If Xavier Becerra loves abortion too much to enforce existing law, then he should resign

By | May 16, 2021

We already knew Health and Human Services Secretary Xavier Becerra is dedicated to abortion. Now, we see that his radicalism makes him unwilling to enforce the laws he has sworn to uphold.

If he won’t enforce duly passed laws restricting abortion, Becerra should leave office.

First, the background: Becerra is almost ghoulish in his support of abortion. When he was in Congress, his defense of the practice was 100%, and he even voted against a ban against trafficking minors across state lines, without parental knowledge, for abortions. As attorney general of California, he used his position to try to bully Catholic hospitals into performing abortions. He tried to force pregnancy help centers to advertise for abortion providers. He persecuted pro-life activists for exposing Planned Parenthood’s trafficking in aborted human body parts.

Becerra is a man with a seemingly deep emotional investment in what is euphemistically and overgenerously called the “pro-choice” cause.

Now, as a Cabinet secretary, his job is to enforce all health-related laws, including those with which he disagrees. Judging from an exchange he had with Republican U.S. Rep. Gus Bilirakis of Florida at a Wednesday virtual hearing, Becerra is unwilling even to admit that such laws exist, much less enforce them.

Bilirakis asked if Becerra agrees that partial-birth abortion is illegal. The “partial-birth” term is common parlance for a procedure in which a nearly full-term baby is partially removed from the woman’s body, only to have its skull crushed and then be gruesomely disposed of. That method of abortion was outlawed by congressional act in 2003. Becerra is well aware of this because he was in Congress then and voted against the law.

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This law was later upheld by the Supreme Court, so Becerra must enforce it as constitutional legislation. Nonetheless, Becerra dodged the question by making the irrelevant point that “partial-birth abortion” isn’t a “medical term” and asked (as if he didn’t know!) what the congressman “mean[s] by that.” It’s difficult to take this response as anything other than dishonesty.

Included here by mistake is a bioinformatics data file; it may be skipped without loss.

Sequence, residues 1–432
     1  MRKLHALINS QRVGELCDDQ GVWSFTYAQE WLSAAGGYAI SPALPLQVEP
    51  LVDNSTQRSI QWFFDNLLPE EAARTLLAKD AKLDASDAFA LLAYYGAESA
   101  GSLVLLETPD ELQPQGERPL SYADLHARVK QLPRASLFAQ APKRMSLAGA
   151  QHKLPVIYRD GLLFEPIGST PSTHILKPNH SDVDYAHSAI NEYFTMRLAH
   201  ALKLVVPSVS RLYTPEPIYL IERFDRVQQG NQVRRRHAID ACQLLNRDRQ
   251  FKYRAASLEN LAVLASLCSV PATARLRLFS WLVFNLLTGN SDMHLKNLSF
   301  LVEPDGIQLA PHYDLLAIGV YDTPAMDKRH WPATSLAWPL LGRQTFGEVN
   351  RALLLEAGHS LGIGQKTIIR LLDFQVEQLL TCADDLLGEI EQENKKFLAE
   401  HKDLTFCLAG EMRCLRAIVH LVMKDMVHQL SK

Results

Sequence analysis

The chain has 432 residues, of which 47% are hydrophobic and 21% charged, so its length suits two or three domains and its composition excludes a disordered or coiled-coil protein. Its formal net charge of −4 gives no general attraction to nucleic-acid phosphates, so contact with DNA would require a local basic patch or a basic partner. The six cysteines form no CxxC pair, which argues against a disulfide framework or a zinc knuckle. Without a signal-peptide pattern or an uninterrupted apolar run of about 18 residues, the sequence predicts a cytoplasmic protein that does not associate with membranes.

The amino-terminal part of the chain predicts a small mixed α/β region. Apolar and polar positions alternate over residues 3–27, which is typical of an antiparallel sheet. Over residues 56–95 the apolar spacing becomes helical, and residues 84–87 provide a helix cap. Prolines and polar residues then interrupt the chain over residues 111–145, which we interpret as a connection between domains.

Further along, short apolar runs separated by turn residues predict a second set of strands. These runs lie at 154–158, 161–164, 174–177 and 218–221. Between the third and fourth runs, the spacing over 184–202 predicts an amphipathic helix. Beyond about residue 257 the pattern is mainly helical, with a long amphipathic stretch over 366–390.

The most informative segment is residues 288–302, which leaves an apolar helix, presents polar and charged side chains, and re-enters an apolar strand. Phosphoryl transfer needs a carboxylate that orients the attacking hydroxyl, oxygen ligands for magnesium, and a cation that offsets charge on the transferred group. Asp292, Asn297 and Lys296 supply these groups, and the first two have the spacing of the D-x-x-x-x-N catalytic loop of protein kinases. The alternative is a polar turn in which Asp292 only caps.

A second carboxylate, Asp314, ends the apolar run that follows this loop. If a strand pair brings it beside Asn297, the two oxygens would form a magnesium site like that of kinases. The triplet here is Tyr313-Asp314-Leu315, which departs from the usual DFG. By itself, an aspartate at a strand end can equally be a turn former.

Becerra then pivoted from the intent of the question, which was to see if he was willing to enforce any legal restrictions on abortion, and answered that he would protect the “settled precedent” that a “woman has a right to make decisions about her reproductive health,” the well-worn euphemism for “abort her baby.” Becerra said he would “enforce the law to protect those rights,” but he wouldn’t say that he would enforce legal restrictions on a procedure that is not a right. According to the law and the Supreme Court, there is no right to have a partial-birth abortion.

In sum, Becerra evaded the question. When Bilirakis asked again for clarification, Becerra resorted to flat untruths. “There is no law,” he said, “dealing specifically with the term ‘partial-birth abortion.’” That must be news for Partial-Birth Abortion Ban Act, which passed in 2003 over Becerra’s objection. It couldn’t possibly be any more “specific” than that.

Still avoiding the question of whether he would enforce that law, Becerra yet again acted as if the question were whether he would enforce the “right” to which the law provides a fully constitutional exception. “We have clear precedents in the law on the rights that women have,” he replied, saying he would enforce those rights to “healthcare.”

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Becerra’s dodge is unacceptable. Members of Congress should send him a follow-up question, under oath, that is simple and direct: “The 2003 Partial Birth Abortion Act is the law of the land, and it was confirmed as constitutional by the Supreme Court’s 2007 ruling in Gonzales v. Carhart. Will you enforce the ban on the procedure as specifically defined in that act?”

The only acceptable answer would come in one word: “Yes.”

If Becerra cannot give that answer and follow through with action, he should resign. And if he will not resign, he should be impeached for refusal to do his sworn duty under the Constitution.